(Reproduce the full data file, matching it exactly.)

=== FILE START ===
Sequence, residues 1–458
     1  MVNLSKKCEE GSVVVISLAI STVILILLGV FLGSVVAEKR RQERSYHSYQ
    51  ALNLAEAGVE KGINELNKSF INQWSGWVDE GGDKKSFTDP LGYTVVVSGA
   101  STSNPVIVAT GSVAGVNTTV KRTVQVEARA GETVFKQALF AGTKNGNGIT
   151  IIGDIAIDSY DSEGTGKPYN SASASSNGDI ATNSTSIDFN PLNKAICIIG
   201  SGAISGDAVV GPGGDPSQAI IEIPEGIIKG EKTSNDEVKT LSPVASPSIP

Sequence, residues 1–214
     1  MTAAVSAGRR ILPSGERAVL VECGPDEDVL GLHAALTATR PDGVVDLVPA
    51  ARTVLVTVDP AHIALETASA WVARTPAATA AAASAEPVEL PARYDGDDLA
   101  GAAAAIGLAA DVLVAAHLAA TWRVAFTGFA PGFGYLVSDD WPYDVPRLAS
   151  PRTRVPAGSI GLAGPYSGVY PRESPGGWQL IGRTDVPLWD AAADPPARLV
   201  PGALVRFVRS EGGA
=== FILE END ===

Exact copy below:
Sequence, residues 1–458
     1  MVNLSKKCEE GSVVVISLAI STVILILLGV FLGSVVAEKR RQERSYHSYQ
    51  ALNLAEAGVE KGINELNKSF INQWSGWVDE GGDKKSFTDP LGYTVVVSGA
   101  STSNPVIVAT GSVAGVNTTV KRTVQVEARA GETVFKQALF AGTKNGNGIT
   151  IIGDIAIDSY DSEGTGKPYN SASASSNGDI ATNSTSIDFN PLNKAICIIG
   201  SGAISGDAVV GPGGDPSQAI IEIPEGIIKG EKTSNDEVKT LSPVASPSIP

Sequence, residues 1–214
     1  MTAAVSAGRR ILPSGERAVL VECGPDEDVL GLHAALTATR PDGVVDLVPA
    51  ARTVLVTVDP AHIALETASA WVARTPAATA AAASAEPVEL PARYDGDDLA
   101  GAAAAIGLAA DVLVAAHLAA TWRVAFTGFA PGFGYLVSDD WPYDVPRLAS
   151  PRTRVPAGSI GLAGPYSGVY PRESPGGWQL IGRTDVPLWD AAADPPARLV
   201  PGALVRFVRS EGGA